In a rabbit model of chronic intestinal inflammation resembling human inflammatory bowel disease, multiple unique alterations in electrolyte and nutrient transport processes have been demonstrated [8,29,30,31,32]. Interestingly, of the primary Na absorptive pathways, while Na-glucose co-transport was diminished in the chronically inflamed intestine, Na:H exchange was unaffected. At the cellular level SGLT1 was inhibited both secondary to reduced SGLT1 activity on the BBM as well as secondary to diminished activity of BLM Na+/K+-ATPase, which provides the favorable Na-gradient for SGLT1. Further, the molecular mechanism of inhibition of SGLT1 appears to be diminished de novo synthesis of SGLT1 as compared to altered trafficking to the BBM. In contrast, Na:H exchange, which along with Cl:HCO3 promotes coupled NaCl absorption, was not affected in the chronically inflamed intestine. Immune-inflammatory mediators and reactive metabolites of oxygen and nitrogen are known to be present in abundance in the mucosa during chronic inflammation and are thought to potentially mediate the alterations in intestinal transporters.
Nitric oxide is a very biologically active molecule known to affect intestinal transport processes in health and disease. In the normal intestine constitutive nitric oxide (cNO) has been shown to affect absorption and secretion. Whereas in the inflamed intestine, orders of magnitude greater levels of NO produced by inducible nitric oxide synthase (iNOS), termed inducible nitric oxide (iNO), is thought to have deleterious effects on intestinal transport. For example, in the former case, previous studies have demonstrated that the intestinal epithelial cell brush border membrane primary Na absorptive pathways, namely SGLT1 and NHE3, are uniquely regulated by constitutive nitric oxide (cNO). When cNO was reduced, NHE3 was inhibited while SGLT1 was stimulated. The mechanism of alteration of these transport processes were equally unique: whereas NHE3 inhibition was secondary to a reduction in BBM transporter numbers, SGLT1 stimulation was secondary to an increase in the affinity of the co-transporter for glucose.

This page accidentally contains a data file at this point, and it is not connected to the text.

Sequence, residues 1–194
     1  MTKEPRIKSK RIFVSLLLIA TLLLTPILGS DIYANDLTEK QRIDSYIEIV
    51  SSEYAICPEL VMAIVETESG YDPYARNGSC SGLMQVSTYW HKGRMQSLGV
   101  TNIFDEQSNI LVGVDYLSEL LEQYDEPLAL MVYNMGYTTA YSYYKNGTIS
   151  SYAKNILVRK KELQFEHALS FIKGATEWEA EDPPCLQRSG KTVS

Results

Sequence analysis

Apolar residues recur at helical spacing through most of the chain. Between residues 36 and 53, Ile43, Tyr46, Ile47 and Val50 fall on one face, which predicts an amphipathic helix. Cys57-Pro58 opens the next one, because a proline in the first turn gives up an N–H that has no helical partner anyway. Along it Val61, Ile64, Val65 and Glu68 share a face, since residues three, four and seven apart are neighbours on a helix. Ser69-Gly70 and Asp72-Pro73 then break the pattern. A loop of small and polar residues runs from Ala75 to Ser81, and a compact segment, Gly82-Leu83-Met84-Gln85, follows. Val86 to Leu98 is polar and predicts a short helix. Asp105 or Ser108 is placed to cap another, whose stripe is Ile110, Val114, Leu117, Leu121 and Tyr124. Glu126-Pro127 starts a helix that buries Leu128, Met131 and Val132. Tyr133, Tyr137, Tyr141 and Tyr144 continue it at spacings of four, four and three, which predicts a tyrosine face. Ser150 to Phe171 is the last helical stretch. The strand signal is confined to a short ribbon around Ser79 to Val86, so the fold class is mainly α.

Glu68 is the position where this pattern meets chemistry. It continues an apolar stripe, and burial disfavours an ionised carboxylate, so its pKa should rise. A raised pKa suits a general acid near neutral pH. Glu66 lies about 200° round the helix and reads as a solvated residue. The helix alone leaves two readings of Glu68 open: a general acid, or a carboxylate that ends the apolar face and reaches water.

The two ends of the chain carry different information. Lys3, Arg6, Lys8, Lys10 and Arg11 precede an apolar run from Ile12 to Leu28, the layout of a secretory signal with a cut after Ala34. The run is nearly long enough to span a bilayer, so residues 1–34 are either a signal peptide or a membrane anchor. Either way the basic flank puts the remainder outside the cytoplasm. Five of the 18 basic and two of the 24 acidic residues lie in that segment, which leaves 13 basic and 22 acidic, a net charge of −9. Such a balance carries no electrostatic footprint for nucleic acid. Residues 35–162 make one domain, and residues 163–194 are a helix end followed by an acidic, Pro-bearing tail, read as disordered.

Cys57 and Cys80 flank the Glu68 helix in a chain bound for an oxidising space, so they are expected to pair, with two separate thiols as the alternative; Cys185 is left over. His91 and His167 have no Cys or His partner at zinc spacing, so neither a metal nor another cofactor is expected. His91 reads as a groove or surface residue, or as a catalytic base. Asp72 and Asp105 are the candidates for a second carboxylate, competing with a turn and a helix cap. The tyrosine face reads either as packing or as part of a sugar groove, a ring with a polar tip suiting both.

While the importance of iNO in inflammation induced tissue injury has been well described, the effect of iNO on SGLT1 and NHE3 is less well understood. Enhanced iNOs expression and subsequent NO production has been reported in patients with IBD . In fact, the deleterious effect is caused due to OONO produced from reaction of NO with superoxide. Indeed, OONO generation has been shown to be markedly increased both in animal models intestinal inflammation as well as in human samples of IBD [33,34].
In the present study the activity of SGLT1 was significantly inhibited by OONO in IEC-18 cells, while the NHE3 activity remained unchanged. At the cellular level OONO mediated inhibition of SGLT1 was secondary to an effect at the co-transporter in the BBM as well as secondary to diminished Na-extruding capacity of the cell. At the co-transporter level in the BBM, kinetics and Western blot studies showed that the OONO mediated inhibition of SGLT1 was secondary to reduction in the number of co-transporters without an alteration in the affinity of the co-transporter for glucose. These changes in SGLT1 and Na/KATPase and unaffected NHE3 were similar to the observations in villus cells from the chronically inflamed intestine in the rabbit model of IBD. Further, the specific mechanisms of alteration of SGLT1, namely the inhibition secondary to a decrease in the number of co-transporters without an alteration in affinity for glucose is also identical. Hence, one explanation is that OONO generated during chronic intestinal inflammation in the rabbit model mediated the alterations in SGLT1.